|Gaddafi and his son Saif al-Islam, now in NTC custody, were indicted for crimes against humanity by the ICC [Reuters]
The death of former Libyan leader Muammar Gaddafi, who was captured and killed by fighters in October, may have been a war crime, the chief prosecutor of the International Criminal Court [ICC] has said.
Luis Moreno-Ocampo said on Thursday: "I think the way in which Mr Gaddafi was killed creates suspicions of ... war crimes. I think that's a very important issue."
Moreno-Ocampo's comments came a day after the former Libyan leader’s daughter, Aisha Gaddafi, called on the ICC to investigate the death of her father and brother at the hands of Libyan fighters.
The ICC prosecutor said he had sent a letter to the head of Libya’s ruling National Transitional Council [NTC] asking what the government's plans were to investigate alleged war crimes by all parties, including the rebels.
Moreno-Ocampo, referring to the Rome statute that established the war crimes tribunal, said the ICC would step in only if Libyan authorities were unwilling or unable to act.
Under pressure from Western allies, the NTC has promised to investigate how Gaddafi and his son Motassim were killed.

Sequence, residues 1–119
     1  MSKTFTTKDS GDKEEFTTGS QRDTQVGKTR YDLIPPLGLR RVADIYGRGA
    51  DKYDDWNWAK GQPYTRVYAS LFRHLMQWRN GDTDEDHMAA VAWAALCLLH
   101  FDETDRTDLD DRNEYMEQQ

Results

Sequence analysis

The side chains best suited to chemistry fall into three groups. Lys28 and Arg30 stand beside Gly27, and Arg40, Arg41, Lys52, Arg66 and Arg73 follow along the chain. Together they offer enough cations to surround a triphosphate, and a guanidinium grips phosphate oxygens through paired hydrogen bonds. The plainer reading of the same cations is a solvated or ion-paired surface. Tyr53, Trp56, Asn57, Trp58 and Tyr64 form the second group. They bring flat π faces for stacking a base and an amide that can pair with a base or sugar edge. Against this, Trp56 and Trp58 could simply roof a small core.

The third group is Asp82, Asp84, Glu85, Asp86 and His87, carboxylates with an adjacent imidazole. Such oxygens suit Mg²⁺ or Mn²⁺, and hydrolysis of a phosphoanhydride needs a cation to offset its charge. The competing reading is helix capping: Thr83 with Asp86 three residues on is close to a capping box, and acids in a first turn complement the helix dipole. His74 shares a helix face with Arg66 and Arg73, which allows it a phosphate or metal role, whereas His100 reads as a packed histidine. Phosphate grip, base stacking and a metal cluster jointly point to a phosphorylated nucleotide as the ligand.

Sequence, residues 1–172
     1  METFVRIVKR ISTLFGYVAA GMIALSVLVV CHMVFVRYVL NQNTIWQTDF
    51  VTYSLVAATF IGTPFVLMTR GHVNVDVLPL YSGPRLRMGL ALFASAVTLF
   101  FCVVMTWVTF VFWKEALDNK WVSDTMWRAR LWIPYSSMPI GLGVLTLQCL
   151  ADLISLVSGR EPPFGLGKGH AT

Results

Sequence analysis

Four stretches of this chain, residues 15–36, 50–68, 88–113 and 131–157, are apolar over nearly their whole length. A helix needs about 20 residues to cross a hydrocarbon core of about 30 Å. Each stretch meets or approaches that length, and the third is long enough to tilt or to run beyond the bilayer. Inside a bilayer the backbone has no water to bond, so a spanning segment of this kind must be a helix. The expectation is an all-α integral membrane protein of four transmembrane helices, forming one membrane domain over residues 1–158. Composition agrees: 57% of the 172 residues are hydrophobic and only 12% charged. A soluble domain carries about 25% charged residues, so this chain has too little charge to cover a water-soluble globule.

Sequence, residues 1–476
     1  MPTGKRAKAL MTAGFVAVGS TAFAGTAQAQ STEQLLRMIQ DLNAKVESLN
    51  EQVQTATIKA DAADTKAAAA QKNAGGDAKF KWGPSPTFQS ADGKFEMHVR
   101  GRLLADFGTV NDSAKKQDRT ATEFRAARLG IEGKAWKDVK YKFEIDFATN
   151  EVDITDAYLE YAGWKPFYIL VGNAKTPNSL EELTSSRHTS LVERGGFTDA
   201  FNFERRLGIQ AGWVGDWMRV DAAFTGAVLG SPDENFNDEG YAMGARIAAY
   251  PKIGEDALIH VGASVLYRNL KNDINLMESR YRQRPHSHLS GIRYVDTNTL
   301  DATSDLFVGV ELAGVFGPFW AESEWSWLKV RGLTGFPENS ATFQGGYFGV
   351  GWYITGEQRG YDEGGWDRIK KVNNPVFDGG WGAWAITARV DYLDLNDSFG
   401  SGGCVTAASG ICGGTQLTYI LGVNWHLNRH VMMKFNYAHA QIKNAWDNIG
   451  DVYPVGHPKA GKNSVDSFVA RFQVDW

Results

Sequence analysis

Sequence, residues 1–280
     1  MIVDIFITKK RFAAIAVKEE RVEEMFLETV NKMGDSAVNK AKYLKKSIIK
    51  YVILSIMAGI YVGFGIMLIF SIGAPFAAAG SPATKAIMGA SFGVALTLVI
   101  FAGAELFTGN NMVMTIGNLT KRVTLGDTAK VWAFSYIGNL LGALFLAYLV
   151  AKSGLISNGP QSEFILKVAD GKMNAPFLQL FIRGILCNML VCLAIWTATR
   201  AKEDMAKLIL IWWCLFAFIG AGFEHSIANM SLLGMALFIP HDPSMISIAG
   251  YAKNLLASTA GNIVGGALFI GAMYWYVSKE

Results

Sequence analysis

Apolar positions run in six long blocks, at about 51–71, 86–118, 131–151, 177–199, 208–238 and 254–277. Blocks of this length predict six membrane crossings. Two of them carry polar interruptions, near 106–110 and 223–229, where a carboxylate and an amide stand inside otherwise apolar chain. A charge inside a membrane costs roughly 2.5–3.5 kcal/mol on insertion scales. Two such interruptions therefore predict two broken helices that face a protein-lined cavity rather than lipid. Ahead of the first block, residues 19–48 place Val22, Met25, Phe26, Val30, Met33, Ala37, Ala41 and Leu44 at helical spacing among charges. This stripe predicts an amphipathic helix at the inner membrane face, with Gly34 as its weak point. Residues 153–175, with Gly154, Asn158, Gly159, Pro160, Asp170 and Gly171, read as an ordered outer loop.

Saif al-Islam's case
The uprising against Gaddafi's 42-year rule erupted in February, quickly escalated into civil war, and ended in October with the Libyan leader's capture and death in unclear circumstances.
Mobile phone footage showed both Gaddafi and his son alive after their capture. The former Libyan leader was seen being mocked, beaten and abused before he died, in what NTC officials said was crossfire.
The ICC prosecutor said his office was also working closely with Libyan authorities on the cases of Saif al-Islam, Gaddafi's once-influential son, and Abdullah al-Senoussi, his former intelligence chief, who were captured and face ICC charges of crimes against humanity for their roles in the uprising.
He said the Libyan government must tell the court by January 10 whether they would hand over Saif. Investigators from the tribunal were in Libya last week to pursue the inquiry.
Libyan authorities say they plan to try him in Libya instead of handing him over to The Hague-based ICC.
The UN Security Council referred Gaddafi's crackdown on pro-democracy demonstrators to the ICC in February and authorised military intervention to protect civilians in March.